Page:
Boeing Gets U.S. Government Approval to Offer F-15EX Fighter Jet to India
The Boeing company revealed Thursday that Washington had granted it a license to market its latest heavy fighter, the F-15EX, in India.
Seven of the world’s largest fighter makers have already expressed interest in competing for the Indian Air Force’s (IAF) ongoing acquisition of 114 medium fighter jets, a contract estimated to be worth $ 20-30 billion. .
Fighter aircraft manufacturers who responded to the IAF’s “Request for Information (RFI)” in 2019 include Boeing with its F / A-18E / F Super Hornet; Lockheed Martin with its single-engine F-21; Saab with its single-engine Gripen E / F, Dassault with its twin-engine Rafale, Eurofighter GmbH with its twin-engine Typhoon and Russia with two twin-engine fighters – RAC MiG-35 and Sukhoi Su-35.
Offering the F-15EX would cause Boeing to withdraw the Super Hornet from the competition. “It is impossible for Boeing to field two fighters in the same competition,” said Pratyush Kumar, who heads the F-15EX project in Saint Louis, United States. Kumar said Boeing is waiting to see the performance requirements of the IAF. Boeing will then decide which fighter plane it will offer.
More likely, Boeing will decide to offer the F-15EX to the IAF, while offering the Super Hornet to the Indian Navy, which is separately pursuing the acquisition of 57 fighters for its aircraft carriers. The US military only uses the Super Hornet as a naval aircraft carrier bridge fighter, although it has sold countries like Australia the F / A-18E / F as a ground fighter.
The F-15 Eagle entered service with the United States Air Force (USAF) in its original form more than four decades ago. However, it has been continuously improved to stay on the cutting edge of technology. The USAF’s confidence in the F-15 platform was underscored in July 2020, when it awarded Boeing a $ 23 billion floating contract for up to 144 F-15EX fighters – the latest version of the F-15. This means that the F-15EX’s maintenance and upgrade programs will continue for at least three decades.
The F-15 Eagle, which is flown by several air forces, including that of Israel, has a formidable air-to-air combat record of 104-0. Along the way, Boeing developed a ground strike version called the Strike Eagle. Now equipped with a new cockpit, Active Scanning Electronic Radar (AESA), integrated electronic warfare suite, and fused sensors and data links, the F-15EX has been transformed into a fighter versatile capable of performing the full range of missions.
The aerodynamics of the F-15 have always been top of the line. Capable of flying at Mach 2.5 (two and a half times the speed of sound), the F-15EX is the fastest fighter jet in the world. It carried 13.5 tons of weaponry, more than the Rafale or the Sukhoi-30MKI. Its range of 1,200 nautical miles (2,200 kilometers) allows it to strike targets deep inside enemy territory.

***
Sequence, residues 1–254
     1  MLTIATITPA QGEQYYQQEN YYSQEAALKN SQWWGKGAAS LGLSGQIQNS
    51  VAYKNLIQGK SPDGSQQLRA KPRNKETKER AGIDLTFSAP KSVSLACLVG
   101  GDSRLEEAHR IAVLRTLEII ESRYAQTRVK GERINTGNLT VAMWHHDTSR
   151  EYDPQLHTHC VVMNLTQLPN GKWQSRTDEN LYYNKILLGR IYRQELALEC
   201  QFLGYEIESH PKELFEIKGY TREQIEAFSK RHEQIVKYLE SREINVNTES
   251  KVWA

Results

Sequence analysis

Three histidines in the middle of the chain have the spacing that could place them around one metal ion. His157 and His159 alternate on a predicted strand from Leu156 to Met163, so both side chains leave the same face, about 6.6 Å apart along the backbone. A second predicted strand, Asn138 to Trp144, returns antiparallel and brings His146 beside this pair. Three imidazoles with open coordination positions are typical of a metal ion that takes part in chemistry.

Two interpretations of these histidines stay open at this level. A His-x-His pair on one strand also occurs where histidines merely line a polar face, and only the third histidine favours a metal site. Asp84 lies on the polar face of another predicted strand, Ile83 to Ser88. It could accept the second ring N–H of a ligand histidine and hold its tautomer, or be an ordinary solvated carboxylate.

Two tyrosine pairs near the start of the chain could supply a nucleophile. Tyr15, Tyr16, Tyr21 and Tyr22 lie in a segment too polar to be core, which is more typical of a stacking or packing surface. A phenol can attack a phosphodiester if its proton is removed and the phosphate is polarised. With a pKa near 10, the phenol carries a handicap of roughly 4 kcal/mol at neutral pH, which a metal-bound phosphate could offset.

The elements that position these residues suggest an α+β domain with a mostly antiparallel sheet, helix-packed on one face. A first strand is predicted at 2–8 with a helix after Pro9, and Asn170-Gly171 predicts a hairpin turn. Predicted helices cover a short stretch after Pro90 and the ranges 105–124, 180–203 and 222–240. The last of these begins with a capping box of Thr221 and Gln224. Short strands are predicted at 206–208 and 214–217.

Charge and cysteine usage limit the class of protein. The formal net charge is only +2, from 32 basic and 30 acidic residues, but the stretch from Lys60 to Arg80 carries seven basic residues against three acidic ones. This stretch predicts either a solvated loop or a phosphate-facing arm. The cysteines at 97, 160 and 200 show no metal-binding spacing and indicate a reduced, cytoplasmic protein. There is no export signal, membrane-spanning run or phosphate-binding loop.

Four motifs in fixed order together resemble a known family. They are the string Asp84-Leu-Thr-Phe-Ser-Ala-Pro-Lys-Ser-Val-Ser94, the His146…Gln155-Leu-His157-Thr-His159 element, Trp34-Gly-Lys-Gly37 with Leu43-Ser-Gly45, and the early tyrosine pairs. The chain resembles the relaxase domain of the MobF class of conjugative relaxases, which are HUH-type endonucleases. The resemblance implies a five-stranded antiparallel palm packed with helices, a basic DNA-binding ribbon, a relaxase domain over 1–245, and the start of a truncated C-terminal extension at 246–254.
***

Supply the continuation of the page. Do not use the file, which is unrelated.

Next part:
Based on publicly available U.S. budget figures, the F-15EX costs $ 80.3 million per fighter, including the cost of its two engines. However, India wants the plane to be built in India, which involves the installation and certification of a new factory and the training of workers. This would greatly increase the cost.
When asked if building the fighter in India would unacceptably increase its cost, Kumar said, “We will sell the F-15EX on the terms and conditions the Indian government wishes to purchase it.”
On Thursday, Boeing also launched the so-called Boeing India Repair Development and Sustainment Hub (BIRDS). This is in effect locating the maintenance, repair and overhaul (MRO) of the Boeing platforms used by the Indian military.
India is one of Boeing’s largest global defense customers. It currently operates 11 C-17 Globemaster III transport aircraft, nine P-8I Poseidon maritime patrol aircraft and three others on order, 22 Apache AH-64E attack helicopters, of which six are on order and 15 CH heavy lift helicopters. -47F Chinooks.
The BIRDS Hub can also provide support, with the consent of New Delhi, to Boeing platforms in service with other countries in the region. This could significantly increase India’s defense export earnings.
Stating that this “would make India a strategic destination for aerospace engineering, maintenance, repair and maintenance services,” Boeing said BIRDS training programs “would increase the skilled workforce by developing sub-tier providers and medium, small and micro enterprises (MSMEs) to build high quality MRO capacities in India ”.
The purchase of 114 fighters by the IAF follows the cancellation in 2015 of its 2007 call for tenders for 126 medium multi-role combat aircraft (MMRCA), and the purchase of 36 Rafale fighters as a measure provisional in 2016. Running out of numbers, the IAF has initiated the purchase of 114 medium fighters in an exercise that closely mirrors the MMRCA tender.